A GROUP of residents from renovated flats in Croton Road refuse to move in until defects are fixed. Picture: Motshwari Mofokeng /African News Agency (ANA)
A GROUP of residents from renovated flats in Croton Road refuse to move in until defects are fixed. Picture: Motshwari Mofokeng /African News Agency (ANA)

Wentworth residents want building defects repaired before they move back in

By Zainul Dawood Time of article published Jan 28, 2021

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Durban – A MEETING will be held on Thursday with a group of residents in Wentworth who are refusing to move into their refurbished apartments until all defects are repaired.

The provincial Department of Human Settlements had relocated the 10 families to a decanting unit while their block of flats in Croton Road was being renovated. The units were completed in mid-November. Today, community leaders are expected to address the residents and find an amicable solution.

On Friday, the department issued a notice to the tenants to vacate the decanting units and move back into their residential units because they were in violation of a lease agreement.

The department stated that failure to adhere to this notification would result in it embarking on a formal eviction process from both the decanting facilities and their respective rental units. The department also said the residents’ actions were depriving other beneficiaries of this programme from having their units refurbished. Further, the department felt it was also impacting on the overall project costs.

The residents claimed there were several building defects they had requested to be repaired before they move in. These included water pressure, problems with the installation of the doors and electrical plug points. Residents, who did not want to be named, said they were standing up for what was right and would contest the notice.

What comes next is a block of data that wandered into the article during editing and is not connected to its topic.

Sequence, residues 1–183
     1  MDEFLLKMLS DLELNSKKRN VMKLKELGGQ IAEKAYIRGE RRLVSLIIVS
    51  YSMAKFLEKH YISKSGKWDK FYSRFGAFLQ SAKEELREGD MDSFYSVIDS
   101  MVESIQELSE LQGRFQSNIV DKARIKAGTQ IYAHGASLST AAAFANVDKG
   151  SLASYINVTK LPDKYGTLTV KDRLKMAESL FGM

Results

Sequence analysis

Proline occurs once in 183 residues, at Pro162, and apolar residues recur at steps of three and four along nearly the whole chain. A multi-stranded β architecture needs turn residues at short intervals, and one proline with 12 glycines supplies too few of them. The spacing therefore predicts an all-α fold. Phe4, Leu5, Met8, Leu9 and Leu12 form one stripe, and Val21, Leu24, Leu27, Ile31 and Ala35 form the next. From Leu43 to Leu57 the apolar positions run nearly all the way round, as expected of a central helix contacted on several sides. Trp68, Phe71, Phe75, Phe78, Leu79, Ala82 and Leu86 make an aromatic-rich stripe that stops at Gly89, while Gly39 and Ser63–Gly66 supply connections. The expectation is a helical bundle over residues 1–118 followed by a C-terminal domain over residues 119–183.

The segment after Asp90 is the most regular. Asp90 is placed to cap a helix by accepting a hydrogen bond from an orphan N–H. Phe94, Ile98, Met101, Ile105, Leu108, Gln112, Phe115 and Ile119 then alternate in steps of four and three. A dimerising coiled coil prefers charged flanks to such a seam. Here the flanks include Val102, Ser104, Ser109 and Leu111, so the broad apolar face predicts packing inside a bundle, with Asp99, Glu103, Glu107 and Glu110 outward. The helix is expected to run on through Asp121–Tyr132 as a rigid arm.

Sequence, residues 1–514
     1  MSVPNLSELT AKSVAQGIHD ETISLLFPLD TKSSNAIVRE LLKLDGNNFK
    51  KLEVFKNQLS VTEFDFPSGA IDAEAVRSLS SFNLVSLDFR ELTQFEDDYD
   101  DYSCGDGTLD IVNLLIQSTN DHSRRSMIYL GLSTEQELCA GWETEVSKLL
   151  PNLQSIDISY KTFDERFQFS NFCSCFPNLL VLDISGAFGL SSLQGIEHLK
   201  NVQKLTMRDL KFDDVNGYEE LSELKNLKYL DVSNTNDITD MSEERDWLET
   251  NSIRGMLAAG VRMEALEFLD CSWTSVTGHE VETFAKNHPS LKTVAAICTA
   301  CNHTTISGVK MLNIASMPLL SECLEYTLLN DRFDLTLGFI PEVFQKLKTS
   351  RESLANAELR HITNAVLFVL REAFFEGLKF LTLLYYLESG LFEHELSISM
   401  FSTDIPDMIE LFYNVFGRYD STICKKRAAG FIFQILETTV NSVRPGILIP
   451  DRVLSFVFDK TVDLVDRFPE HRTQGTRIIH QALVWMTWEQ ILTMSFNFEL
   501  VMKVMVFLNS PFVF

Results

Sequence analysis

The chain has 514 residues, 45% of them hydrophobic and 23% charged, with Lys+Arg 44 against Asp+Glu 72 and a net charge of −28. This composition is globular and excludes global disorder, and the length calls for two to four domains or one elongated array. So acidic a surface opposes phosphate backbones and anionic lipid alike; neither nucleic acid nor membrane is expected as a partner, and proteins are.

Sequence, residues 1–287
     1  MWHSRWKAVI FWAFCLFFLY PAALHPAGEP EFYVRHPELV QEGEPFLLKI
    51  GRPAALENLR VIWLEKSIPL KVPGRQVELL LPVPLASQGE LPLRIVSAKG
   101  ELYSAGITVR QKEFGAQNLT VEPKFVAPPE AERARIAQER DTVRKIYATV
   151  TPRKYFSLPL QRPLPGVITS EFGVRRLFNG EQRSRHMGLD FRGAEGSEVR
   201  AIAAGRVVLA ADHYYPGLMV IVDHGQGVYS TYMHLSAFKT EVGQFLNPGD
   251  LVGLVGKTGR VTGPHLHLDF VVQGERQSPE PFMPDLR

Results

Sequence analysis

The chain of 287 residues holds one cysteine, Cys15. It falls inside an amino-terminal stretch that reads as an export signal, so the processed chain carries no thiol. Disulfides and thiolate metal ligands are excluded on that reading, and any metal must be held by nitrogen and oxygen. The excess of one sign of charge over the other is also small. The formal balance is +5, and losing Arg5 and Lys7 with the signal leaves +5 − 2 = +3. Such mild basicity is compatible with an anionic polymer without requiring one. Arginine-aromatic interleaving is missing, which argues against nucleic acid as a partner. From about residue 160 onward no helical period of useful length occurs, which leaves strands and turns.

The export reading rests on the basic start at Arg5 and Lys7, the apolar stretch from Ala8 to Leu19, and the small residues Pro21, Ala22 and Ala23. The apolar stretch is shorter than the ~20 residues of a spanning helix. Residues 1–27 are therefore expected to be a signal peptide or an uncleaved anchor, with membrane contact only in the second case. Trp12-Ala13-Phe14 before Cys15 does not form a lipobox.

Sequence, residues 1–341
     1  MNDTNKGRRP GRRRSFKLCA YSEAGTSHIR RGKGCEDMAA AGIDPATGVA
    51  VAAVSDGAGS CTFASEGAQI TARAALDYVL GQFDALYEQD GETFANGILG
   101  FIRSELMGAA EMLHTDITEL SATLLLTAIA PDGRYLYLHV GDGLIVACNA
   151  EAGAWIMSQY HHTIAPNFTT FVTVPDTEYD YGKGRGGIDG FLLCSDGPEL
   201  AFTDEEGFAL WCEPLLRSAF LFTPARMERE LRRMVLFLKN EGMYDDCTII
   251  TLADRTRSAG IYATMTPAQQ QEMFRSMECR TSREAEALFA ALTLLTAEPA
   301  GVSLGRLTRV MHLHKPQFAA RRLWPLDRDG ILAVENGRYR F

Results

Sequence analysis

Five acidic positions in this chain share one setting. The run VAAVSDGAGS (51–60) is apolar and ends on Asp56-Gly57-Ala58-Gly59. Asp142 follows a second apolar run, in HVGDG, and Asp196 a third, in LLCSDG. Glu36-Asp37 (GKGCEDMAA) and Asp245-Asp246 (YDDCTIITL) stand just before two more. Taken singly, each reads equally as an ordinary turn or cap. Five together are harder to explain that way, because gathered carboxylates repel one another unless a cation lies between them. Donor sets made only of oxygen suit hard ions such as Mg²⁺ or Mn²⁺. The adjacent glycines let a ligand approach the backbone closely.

“They have been trying to sabotage the decanting units and forcing us to move back. They say they want to sort our the defects, then they no longer want to be held responsible for the defects,” a resident complained.

Ward councillor Aubrey Snyman said the contractors should sort out the complaints as per the contract. He said the residents had the right to complain.

Human Settlements spokesperson Mbulelo Baloyi said water meters would be replaced shortly so that the respective households could be responsible for their consumption.

“Currently, the department is responsible for water bills, not the occupants,” said Baloyi.

He said electrical work and plug points had been relocated to their original points at the time of initial construction. Therefore, all blank electrical boxes had been blanked off as per Electrical Contractors Association (ECA) regulations.

“All construction snags are usually reported to the project team to resolve. In this case, the community liaison officer has reported that all works in terms of the scope of work approved for the project have been completed. If any future defects have been identified it is usually repaired within seven days once the occupation takes place.

“To date the project is attracting standby costs to the detriment of the overall project budget and construction programme. Their actions are depriving other families from benefiting from the rectification programme. All complaints follow a process and these tenants have not done so. The contractor is committed to complete all legitimate complaints which is verified and authorised by the implementing agent.”

Pictured are one of the defects Wentworth flat residents have complained about. I Motshwari Mofokeng /African News Agency (ANA)

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